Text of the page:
Technology in the teaching of second languages

Flipping the Classroom in L2

Flipping the Classroom in the Study of Second Language

Maria D. Wilbar


Flipping the classroom, or inverting the classroom, is a method in which class time is used for the application of knowledge which students have received prior to class. The teacher, therefore, must prepare two modalities: 1) Pre-class and 2) In-class. Typically, students are required to view an online presentation, or other material, and then come to class prepared for application, discussion, and problem-solving. Flipping the classroom changes the learning focus from “covering the material” to “mastering the subject”. The role of the teacher changes from a “sage on the stage” to a “guide on the side”.

Applicability to Second Language Study

A flipped classroom, or inverted classroom, is in harmony with the communicative approach to language study. The communicative approach seeks a functional result by using interactive settings to allow students to effectively learn and use the language. Second Language instructors who are using the communicative approach are in a good position to use the flipped classroom. They are already using class time in an interactive way. Now they must emphasize the other aspect: imparting knowledge to  students prior to class.


1) Personally Recorded Online Instructional Video

Recording your presentation, or overview, of a topic has several advantages. Perhaps the most obvious, and most advantageous, is that you are placing in your students’ hands the ability to rewind and review. This allows them to spend more time on portions of the presentation which are most challenging to them. As a result, they are more likely to assimilate material which at first might be unclear to them. They can listen to the presentation at their own pace. If there are areas which continue to be unclear, they can bring their questions to the interactive class time.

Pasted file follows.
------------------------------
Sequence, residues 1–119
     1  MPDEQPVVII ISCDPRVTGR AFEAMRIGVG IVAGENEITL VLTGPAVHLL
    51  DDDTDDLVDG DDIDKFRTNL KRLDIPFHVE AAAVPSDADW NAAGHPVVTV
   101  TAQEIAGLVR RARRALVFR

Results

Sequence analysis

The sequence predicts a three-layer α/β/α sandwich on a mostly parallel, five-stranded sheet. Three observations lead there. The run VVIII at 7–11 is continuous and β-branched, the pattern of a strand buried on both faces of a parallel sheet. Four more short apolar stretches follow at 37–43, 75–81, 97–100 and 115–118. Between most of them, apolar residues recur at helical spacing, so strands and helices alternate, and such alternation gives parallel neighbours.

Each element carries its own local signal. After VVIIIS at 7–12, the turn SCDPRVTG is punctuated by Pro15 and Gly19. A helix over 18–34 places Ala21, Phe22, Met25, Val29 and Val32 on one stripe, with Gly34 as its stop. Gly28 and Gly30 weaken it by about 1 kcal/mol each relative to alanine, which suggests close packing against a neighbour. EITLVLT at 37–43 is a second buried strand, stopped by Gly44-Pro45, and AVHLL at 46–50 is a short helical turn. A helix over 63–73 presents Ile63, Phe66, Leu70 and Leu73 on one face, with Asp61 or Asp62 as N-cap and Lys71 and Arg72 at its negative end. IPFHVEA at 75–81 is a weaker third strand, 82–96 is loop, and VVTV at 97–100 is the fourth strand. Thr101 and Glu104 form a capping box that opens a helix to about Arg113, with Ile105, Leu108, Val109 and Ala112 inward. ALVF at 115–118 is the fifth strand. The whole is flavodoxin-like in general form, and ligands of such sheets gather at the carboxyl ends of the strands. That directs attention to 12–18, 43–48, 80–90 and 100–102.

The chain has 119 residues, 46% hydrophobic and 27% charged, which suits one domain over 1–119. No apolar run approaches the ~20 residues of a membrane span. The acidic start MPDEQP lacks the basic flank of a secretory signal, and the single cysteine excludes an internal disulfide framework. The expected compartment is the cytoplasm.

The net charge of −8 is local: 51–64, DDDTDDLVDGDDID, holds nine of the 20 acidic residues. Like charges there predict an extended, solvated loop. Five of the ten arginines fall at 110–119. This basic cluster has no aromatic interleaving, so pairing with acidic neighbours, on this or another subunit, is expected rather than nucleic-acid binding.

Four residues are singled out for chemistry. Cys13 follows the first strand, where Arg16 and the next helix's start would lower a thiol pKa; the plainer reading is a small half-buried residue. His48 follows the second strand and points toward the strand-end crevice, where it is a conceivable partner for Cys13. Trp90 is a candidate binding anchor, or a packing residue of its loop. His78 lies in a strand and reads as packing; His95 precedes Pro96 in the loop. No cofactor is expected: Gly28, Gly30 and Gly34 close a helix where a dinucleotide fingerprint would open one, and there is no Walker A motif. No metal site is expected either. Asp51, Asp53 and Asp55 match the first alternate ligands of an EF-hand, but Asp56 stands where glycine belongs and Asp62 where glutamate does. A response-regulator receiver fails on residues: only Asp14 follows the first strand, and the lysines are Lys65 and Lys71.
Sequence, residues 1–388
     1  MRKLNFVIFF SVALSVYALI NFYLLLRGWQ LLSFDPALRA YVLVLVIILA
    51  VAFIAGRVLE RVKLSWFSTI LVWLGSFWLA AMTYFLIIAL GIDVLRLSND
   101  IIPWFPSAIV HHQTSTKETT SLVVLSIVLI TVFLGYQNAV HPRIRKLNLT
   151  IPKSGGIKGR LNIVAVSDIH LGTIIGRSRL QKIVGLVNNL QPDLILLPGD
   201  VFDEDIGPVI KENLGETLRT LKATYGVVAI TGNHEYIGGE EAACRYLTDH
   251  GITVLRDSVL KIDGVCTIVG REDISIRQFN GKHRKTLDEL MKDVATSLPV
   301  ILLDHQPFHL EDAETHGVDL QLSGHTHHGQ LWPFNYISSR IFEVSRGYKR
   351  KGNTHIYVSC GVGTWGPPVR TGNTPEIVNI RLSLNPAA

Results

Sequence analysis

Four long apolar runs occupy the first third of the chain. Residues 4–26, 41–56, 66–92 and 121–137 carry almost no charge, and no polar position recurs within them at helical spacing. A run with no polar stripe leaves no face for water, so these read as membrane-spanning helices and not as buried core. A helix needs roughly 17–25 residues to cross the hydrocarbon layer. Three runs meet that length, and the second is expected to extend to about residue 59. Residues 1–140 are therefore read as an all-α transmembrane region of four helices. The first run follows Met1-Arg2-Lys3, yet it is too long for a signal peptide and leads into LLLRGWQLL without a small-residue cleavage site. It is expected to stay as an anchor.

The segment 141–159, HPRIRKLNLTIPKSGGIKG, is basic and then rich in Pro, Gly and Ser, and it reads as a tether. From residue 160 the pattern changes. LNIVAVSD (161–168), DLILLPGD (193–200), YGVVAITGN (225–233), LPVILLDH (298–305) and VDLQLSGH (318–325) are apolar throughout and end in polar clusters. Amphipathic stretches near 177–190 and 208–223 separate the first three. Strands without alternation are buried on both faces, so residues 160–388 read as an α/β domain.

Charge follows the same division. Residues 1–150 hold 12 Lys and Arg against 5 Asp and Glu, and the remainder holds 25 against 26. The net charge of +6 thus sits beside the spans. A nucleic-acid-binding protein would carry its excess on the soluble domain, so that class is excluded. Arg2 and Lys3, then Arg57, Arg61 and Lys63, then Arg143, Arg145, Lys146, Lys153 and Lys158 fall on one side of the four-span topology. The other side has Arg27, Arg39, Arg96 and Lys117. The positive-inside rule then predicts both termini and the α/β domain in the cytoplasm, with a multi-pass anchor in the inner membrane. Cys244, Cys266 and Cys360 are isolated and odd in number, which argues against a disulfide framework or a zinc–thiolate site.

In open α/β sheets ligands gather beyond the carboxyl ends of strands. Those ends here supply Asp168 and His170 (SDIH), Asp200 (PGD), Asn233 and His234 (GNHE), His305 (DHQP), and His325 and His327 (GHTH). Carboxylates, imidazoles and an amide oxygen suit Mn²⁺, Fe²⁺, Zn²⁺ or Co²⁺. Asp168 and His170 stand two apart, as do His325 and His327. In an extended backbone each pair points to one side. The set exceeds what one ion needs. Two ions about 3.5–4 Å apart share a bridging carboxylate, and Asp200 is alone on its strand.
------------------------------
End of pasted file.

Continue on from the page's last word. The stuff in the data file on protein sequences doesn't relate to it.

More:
2) Online Instructional Videos Recorded by Other Educators

The concept of recording free online instructional videos was pioneered by Salman Khan. His online Khan Academy now offers instructional videos for a variety of courses. Unfortunately, Khan Academy currently has no offerings for language instruction. The language instructor must employ diligence in finding such material online. Such diligence, using online search engines, can be rewarding.

3)  Building a Shared Library of Instructional Videos

It is advantageous for foreign language instructors to create and share instructional videos with their colleagues. This occurs most easily in an interdepartmental setting. A World Language, or Modern Language Department which has a unified approach in its curriculum and learning objectives can explore the best ways in which faculty members can create and share instructional videos.

4) YouTube Videos

A variety of YouTube videos can be used in an instructional way. These videos do not have to be produced by educators. If the video is compelling, and makes an instructional point, it can be useful. For example, if your lesson is about the use of the imperative, you may search for, and find, YouTube videos which show the imperative being used in the target language.

5) Online Educational Platforms such as Canvas or Blackboard

If the classroom has been flipped, it is advantageous for students to have a systematic way of locating the videos, or other material, which they must view, or study, before coming to class. An online educational platform makes it possible for the instructor to make all, or any part, of this material immediately available to the student.


Use of a flipped classroom for the purpose of Second Language instruction is a promising, and evolving area. On the one hand, it requires more preparation time by the instructor, who must prepare both a pre-class and an in-class modality. On the other hand, it frees the teacher to make the best use of his time. As a “guide on the side”, the instructor is able to direct collaborative work among students, as they apply the knowledge which they bring to class. This approach offers promise in the realization of the communicative approach, in which class time is used to interact with the target language in authentic and collaborative ways.

The idea of flipping the classroom in L2 should be viewed from the perspectives of both the teacher and the student. The teacher-focused perspective should center on the question of how the teacher can make the best use of her time. The student-focused perspective should center on the question of how the student can master the target language.


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